It was in a women’s literature class my sophomore year of college that I first learned the shocking fact that the United States Constitution does not have an Equal Rights Amendment guaranteeing equal legal rights for everyone regardless of their gender. Alice Paul first introduced the idea for the Equal Rights Amendment (ERA) in 1923 saying, “We shall not be safe until the principle of equal rights is written into the framework of government.” Nearly 100 years later, we still haven’t seen that dream become a reality.
A Brief History of the ERA
In the 1960s and 70s feminist activists were calling loudly for the ratification of the Equal Rights Amendment, and at first it seemed to be gaining steam. In 1972 it went through the Senate and House of Representatives and was sent out to the states for ratification. The amendment had 7 years to be ratified by 38 states. Within the first year, 22 states ratified it, but strong opposition began to form as the political tide turned conservative, and by the mid-seventies the process had all but stalled out. When the deadline was up, the ERA was three states short of full ratification. Since then the ERA has been reintroduced in every session of Congress, but still has not been ratified.
Why We Need the ERA
Many current critics of the ERA say that it’s 2018, we’ve come a long way, and we don’t need it anymore. According to them, men and women are already seen as equal in our country. But we know that the constitution was written with only one group of people in mind: white men. As the Civil Rights movement did with race, the women’s rights movement challenged the systems that were built to exclude people based on their gender. The late Supreme Court justice Antonin Scalia addressed this clearly in an interview where he said, “Certainly the Constitution does not require discrimination on the basis of sex. The only issue is whether it prohibits it. It doesn’t.” This is exactly why we need the ERA.
The longer that the Constitution remains without the Equal Rights Amendment, the more that women just like us will continue to fall through the cracks of our legal system. The Equal Rights Amendment would create a legal standard for deciding cases of discrimination based on gender, it would defend against the dissolution of advancements to women’s rights, and it would set a nation wide standard for gender equality. These are all things that will help you and me be able to live out our fullest potential.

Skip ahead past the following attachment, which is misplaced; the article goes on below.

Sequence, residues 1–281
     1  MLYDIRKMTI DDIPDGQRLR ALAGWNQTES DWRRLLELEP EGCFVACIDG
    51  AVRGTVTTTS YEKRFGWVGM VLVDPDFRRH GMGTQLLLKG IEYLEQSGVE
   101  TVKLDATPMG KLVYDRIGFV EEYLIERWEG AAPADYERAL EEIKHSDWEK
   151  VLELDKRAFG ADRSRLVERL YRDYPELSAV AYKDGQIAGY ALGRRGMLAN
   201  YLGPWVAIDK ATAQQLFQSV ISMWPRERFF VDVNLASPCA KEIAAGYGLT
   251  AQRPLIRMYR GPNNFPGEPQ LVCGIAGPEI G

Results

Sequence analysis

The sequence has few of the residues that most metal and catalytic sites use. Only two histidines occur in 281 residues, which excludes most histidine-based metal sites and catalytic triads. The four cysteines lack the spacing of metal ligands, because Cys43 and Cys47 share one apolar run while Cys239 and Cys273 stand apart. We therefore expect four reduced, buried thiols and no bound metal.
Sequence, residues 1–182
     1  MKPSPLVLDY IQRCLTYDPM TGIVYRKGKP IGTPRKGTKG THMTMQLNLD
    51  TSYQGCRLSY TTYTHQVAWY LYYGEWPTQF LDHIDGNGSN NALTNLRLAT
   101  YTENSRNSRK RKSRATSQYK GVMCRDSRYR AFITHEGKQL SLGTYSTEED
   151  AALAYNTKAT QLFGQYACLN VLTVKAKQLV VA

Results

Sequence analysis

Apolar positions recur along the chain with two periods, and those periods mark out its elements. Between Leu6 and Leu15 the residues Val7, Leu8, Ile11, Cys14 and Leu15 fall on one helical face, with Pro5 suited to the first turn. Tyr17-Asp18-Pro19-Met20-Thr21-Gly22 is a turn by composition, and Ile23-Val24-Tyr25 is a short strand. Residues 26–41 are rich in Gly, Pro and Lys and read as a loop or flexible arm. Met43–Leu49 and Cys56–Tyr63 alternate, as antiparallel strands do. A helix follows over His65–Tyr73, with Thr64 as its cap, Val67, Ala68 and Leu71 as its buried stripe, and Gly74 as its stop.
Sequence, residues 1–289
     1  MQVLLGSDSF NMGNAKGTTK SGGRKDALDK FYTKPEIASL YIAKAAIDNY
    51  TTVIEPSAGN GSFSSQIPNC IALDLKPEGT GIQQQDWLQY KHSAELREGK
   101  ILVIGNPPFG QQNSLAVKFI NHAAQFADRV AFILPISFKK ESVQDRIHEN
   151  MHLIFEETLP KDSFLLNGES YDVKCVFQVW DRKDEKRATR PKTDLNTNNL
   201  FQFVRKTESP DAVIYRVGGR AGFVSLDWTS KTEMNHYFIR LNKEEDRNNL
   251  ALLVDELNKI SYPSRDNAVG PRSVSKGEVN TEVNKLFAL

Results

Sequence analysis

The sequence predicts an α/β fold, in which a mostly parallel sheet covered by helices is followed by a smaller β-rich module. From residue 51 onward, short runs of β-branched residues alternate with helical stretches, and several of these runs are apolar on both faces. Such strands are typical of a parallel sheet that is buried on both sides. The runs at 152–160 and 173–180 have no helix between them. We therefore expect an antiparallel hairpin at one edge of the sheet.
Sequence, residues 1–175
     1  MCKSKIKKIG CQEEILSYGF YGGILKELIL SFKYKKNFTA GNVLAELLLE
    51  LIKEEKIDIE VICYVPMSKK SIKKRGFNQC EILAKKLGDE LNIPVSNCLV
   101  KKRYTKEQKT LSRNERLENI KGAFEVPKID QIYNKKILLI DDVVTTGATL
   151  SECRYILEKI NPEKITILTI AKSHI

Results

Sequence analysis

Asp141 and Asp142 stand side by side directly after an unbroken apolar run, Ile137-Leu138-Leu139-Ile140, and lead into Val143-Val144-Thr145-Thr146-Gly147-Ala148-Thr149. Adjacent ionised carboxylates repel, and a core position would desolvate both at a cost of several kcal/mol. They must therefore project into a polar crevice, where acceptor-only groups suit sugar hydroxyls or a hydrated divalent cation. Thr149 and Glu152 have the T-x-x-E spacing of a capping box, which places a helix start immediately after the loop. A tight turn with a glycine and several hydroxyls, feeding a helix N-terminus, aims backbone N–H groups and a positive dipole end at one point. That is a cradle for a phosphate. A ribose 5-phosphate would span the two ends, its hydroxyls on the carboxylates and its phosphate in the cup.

What We Can Do To Help
The most important way that we can help the ERA become a reality is to support and advocate for women by joining movements that do the work of teaching women and girls what their rights are and ensuring that they have every opportunity to reach their full potential. Initiatives like Live Your Dream provide women and girls with the tools they need to achieve their goals. We need to join with causes that matter to us and support programs like this that promote greater equality in our society.
It is also so important to educate ourselves and others about the Equal Rights Amendment. The ERA Coalition recently released a study showing that 80% of Americans don’t know that the Equal Rights Amendment isn’t part of the US Constitution. How can we change something if we don’t even know about it? We have to speak up in our communities and teach women and girls that they have the right to demand change from the government that is supposed to serve them.
100 years ago Alice Paul had a dream for a more equal society. She wanted all of us to be able live in a place where women were seen as equal in every way. Today is the day that we can make that dream a reality. Our Constitution should and must be the foundation for building a more inclusive and equitable future for all people. It’s up to us to change that.
Become An ERA Advocate
Download any part of the ERA Toolkit and share it on your social media and with your friends and family.
Find out if your state has ratified the ERA through the ERA ratification map.
Contact your representatives and voice your support of the ERA.
Elizabeth Endara is a writer, advocate, doula, educator and cat mom based in NYC. She loves Great British Bake-Off, Eastern Europe, snug coffee shops and writing about her feelings. She is excited to be working with liveyourdream.org helping to curate and tell stories that demonstrate the power of women!